In addition, the mandate includes initiating and conducting prosecutions on behalf of the Crown with respect to offences under the Canada Elections Act.

The PPSC reports to Parliament through the Attorney General of Canada. The Director of Public Prosecutions Act states that the Director of Public Prosecutions acts “under and on behalf of the Attorney General of Canada.” The relationship between the Attorney General and the Director is premised on the principles of respect for the independence of the prosecution function and the need to consult on important matters of general interest.

Safeguarding the Director's independence is the requirement that all instructions from the Attorney General be in writing and published in the Canada Gazette. In turn, the Director must inform the Attorney General of any prosecution or planned intervention that may raise important questions of general interest, allowing the Attorney General the opportunity to intervene in, or assume conduct of, a case. Additionally, the PPSC must provide the Attorney General with an annual report for tabling in Parliament.

Mission and Values

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Mission

The mission of the Public Prosecution Service of Canada is to serve the public by:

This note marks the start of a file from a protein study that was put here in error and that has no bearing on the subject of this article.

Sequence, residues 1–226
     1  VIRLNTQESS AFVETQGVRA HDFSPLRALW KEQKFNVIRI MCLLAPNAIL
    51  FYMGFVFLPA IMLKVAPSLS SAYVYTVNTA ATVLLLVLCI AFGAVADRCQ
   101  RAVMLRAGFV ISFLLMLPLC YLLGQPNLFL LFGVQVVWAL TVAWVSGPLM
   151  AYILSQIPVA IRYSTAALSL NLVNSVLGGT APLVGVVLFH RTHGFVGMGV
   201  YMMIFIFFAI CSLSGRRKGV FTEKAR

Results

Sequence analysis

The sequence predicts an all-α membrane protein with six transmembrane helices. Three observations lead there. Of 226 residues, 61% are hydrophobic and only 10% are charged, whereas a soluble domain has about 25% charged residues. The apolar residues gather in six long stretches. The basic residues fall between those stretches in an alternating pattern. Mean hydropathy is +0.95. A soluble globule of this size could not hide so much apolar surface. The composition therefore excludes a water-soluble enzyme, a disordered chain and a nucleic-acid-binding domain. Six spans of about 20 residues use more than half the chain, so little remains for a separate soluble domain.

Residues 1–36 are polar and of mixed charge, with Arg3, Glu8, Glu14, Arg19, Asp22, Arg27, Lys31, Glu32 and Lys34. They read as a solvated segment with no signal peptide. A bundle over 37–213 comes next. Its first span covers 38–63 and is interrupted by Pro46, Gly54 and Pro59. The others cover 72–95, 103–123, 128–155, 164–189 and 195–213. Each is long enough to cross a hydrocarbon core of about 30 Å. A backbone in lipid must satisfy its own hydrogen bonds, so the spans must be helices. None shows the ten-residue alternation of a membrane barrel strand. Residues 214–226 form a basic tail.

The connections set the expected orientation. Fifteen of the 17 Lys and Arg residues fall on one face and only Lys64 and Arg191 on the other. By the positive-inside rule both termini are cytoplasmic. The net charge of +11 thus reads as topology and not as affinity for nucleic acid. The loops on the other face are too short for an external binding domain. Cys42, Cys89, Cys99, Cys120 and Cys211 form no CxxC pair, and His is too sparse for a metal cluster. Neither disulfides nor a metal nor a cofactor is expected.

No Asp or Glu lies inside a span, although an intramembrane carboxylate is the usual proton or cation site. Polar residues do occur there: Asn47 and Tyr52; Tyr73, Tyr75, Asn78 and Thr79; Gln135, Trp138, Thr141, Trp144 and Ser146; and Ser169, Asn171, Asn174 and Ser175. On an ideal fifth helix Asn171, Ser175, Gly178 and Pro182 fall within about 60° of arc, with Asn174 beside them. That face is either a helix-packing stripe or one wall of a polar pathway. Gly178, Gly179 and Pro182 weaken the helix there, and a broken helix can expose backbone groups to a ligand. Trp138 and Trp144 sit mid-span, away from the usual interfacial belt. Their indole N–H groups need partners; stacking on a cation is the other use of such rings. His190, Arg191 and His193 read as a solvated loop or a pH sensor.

Values

We in the Public Prosecution Service of Canada are guided by our key values in carrying out our mandate:

Role of the Prosecutor

Canadian courts expect a great deal from prosecutors, who are subject to ethical, procedural, and constitutional obligations. Traditionally, their role has been regarded as that of “a representative of justice” rather than that of “a partisan advocate.” Their functions are imbued with a public trust. Prosecutors are expected to discharge their duties with fairness, objectivity, and integrity. Their role is not to win convictions at any cost but to put before the court all available, relevant, and admissible evidence necessary to enable the court to determine the guilt or innocence of the accused. As stated by the Supreme Court of Canada in Boucher v. The Queen, [1955] S.C.R. 16, at 23-24: